September 21, 2020 – Feast of St. Matthew, Apostle and Evangelist
Click here for the readings (https://bible.usccb.org/bible/readings/092120.cfm)
Have you ever come to a point where you felt so unworthy, useless and even felt disgusted with yourself because of something wrong that you have done before? This happens when we have a deep consciousness of our own sinfulness, imperfections and weaknesses. Yet, when we also tend to focus to what is only wrong and ugly in us, we also begin to lose self-confidence, self-worth and self-value. We also begin to underestimate our capacities and ourselves.
In relation to this, the way we relate with God is also affected because we would tend to relate with Him as someone who would judge us and punish us for what we have done. Then, we relate with God in fear and guilt rather than in love.Tweet
This kind of attitude was very strong during the time of Jesus. Sinners had no place in the Jewish society. When a person is poor and sickly, they believed that God punished him/her for the sins the person committed or committed by his/her parents in the past. People believed that sinners must be driven away from the community.
This is the reason why lepers were untouchables, or the paralytics, the lame and the blind were despised by the “normal people,” because they were sinners and were punished by God. The seemingly normal people who were identified as the Pharisees and Scribes maintained a status quo that separated them from the sinners. These people would not touch any known or public sinners. They would not join them in any celebration. They forbid those sinners from entering the synagogue and the Temple. They disowned the sinners, treated them as less-humans, despised them and condemned them.
Thus, every sinner felt unloved, unwanted and condemned. However, this is not the case with Jesus. Jesus turned the condemning culture upside down. Jesus went away from the rigid, judgmental and unforgiving Pharisees and Scribes. He surprised them with forgiveness, mercy and love.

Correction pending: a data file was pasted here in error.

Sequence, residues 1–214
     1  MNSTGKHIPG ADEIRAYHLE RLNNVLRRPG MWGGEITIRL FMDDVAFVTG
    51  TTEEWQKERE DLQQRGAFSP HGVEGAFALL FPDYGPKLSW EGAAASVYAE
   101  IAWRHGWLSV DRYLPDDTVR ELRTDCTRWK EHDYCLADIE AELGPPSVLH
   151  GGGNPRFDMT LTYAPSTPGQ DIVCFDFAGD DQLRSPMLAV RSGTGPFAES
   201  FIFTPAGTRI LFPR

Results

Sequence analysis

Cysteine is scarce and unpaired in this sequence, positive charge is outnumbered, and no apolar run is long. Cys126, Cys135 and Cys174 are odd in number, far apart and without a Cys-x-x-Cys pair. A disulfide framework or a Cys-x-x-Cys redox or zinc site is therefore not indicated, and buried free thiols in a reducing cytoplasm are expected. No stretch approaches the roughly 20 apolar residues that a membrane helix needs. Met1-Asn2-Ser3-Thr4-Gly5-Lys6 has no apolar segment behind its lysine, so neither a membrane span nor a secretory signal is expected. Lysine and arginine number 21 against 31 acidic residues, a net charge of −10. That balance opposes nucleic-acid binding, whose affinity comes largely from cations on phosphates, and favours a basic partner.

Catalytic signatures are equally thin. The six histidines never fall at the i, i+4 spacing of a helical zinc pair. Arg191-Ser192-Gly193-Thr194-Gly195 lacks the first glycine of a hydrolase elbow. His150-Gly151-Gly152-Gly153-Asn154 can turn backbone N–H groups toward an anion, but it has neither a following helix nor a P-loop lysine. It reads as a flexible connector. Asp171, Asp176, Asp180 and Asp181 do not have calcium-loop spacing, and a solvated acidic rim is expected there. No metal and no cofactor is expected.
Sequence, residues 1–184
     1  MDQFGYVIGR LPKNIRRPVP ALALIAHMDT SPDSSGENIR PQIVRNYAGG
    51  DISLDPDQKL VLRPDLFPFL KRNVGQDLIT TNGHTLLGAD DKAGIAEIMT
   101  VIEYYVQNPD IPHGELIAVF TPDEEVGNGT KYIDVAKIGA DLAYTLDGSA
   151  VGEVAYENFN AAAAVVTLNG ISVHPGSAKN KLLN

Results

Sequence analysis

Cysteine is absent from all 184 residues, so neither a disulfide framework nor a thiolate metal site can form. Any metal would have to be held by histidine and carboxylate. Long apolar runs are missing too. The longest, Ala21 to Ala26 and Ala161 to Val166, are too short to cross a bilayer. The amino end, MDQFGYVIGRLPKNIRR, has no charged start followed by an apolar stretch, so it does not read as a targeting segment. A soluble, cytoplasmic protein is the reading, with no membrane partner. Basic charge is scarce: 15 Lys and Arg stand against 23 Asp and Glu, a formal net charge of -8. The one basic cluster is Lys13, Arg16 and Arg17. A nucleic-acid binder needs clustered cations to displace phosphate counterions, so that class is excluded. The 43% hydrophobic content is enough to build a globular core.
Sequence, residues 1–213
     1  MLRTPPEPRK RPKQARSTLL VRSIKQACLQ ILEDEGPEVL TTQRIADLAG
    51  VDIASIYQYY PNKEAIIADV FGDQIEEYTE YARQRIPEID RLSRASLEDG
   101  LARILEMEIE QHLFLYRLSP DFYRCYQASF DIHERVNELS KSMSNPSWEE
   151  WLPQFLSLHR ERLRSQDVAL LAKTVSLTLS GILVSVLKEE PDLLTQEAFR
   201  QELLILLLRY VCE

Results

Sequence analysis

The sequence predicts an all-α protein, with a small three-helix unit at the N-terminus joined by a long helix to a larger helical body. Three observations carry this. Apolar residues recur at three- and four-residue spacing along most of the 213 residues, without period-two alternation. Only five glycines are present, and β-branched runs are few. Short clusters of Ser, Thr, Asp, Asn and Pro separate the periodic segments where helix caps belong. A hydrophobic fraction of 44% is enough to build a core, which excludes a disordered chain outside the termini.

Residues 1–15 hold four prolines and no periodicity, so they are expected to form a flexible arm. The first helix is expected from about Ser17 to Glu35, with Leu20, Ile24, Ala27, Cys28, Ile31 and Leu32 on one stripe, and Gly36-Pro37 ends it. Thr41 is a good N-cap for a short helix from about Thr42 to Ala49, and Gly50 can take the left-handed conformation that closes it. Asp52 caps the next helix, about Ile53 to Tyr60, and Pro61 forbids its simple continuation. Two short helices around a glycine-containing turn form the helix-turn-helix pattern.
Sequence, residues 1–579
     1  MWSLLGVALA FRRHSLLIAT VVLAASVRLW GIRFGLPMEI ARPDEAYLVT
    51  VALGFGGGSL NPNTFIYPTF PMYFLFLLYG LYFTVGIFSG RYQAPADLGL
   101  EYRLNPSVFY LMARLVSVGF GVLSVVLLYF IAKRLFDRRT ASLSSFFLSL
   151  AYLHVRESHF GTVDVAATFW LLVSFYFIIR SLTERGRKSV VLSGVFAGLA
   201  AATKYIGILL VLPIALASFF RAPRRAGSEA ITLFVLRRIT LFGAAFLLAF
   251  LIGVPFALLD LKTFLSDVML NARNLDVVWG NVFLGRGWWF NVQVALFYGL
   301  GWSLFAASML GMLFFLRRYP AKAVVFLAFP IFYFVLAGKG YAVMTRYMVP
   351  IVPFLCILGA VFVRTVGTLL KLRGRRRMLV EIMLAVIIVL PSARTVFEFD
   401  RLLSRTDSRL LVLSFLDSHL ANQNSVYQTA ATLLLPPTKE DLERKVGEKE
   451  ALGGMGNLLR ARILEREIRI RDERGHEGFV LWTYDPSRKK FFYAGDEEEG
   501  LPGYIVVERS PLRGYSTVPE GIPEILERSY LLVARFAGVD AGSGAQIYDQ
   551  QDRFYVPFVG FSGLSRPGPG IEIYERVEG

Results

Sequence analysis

This is what has been proclaimed in today’s Gospel as Jesus called Matthew, a tax-collector to follow him. Matthew, since he worked with the Roman rulers and collected tax among his fellow Jews, was considered a public sinner. His fellow Jews despised and prohibited him to enter the synagogue and the temple and even to mingle with his fellow Jews. Matthew, like any other sinner, was condemned and excommunicated by the Jewish society.
For the Jews, no righteous Jew shall talk to him or touch him. Yet, Jesus did all these things. Jesus talked to Matthew, touched him and even dined with him, made him a friend and called Matthew to be one of the disciples. This tells us how Jesus calls and brings many wonders in the life of a person who responds.
Jesus proclaimed his message to everyone as he said, “I did not come to call the righteous but sinners.” This tells us that God is a God of forgiveness, of many chances, of healing and freedom. Jesus understands the struggle of a sinner though he was not a sinner himself.
The letter of Paul to the Ephesians tells us that each of us has been given the grace according to the measure of Christ’s gift. As Matthew, the sinner was given the grace of forgiveness and acceptance, and so we are. The presence of God is the grace that liberates us from whatever burden, shame and guilt that we are suffering from.
Hence, we should be careful then, when we feel the temptation to appear righteous and superior. Jesus said that he did not come for the righteous but for the sinners because righteous people do not need God. In fact, when we feel too righteous, we become arrogant. Arrogance keeps us away from God and would make us deny God’s mercy.
This is the invitation for us today. We are called to humble ourselves by acknowledging our sinfulness. This moves us then, to recognise our need for God, need for forgiveness and healing. And when we recognise God in our life, then, we also allow God to transform us, to change our lives, to call us and to touch us like what happened to the public sinner, Matthew. As he allowed Jesus to call him, Matthew’s life was changed forever who became an apostles and an evangelist. Matthew, through his past life, brought many people to know Jesus until today.
Hopefully, this kind of attitude towards ourselves and towards God, our attitude and treatment to those who failed, committed mistakes and have wronged us, may also become more like Jesus – that we may become welcoming of other sinners like us, by forgiving those offenders like us, and by promoting healing and reconciliation and not condemnation and destruction of sinners and offenders like us. Hinaut pa.
Jom Baring, CSsR